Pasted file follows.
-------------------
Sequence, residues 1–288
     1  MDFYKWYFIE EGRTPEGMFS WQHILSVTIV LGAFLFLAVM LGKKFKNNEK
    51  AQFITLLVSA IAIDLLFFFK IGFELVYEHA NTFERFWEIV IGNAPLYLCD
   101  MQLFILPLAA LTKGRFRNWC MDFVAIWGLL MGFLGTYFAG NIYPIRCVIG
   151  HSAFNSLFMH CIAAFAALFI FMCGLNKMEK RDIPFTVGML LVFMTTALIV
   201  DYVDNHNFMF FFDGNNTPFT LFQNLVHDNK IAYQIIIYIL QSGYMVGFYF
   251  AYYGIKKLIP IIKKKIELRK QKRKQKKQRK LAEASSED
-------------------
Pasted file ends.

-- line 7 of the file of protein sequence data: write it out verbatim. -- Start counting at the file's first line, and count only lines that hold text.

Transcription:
   251  AYYGIKKLIP IIKKKIELRK QKRKQKKQRK LAEASSED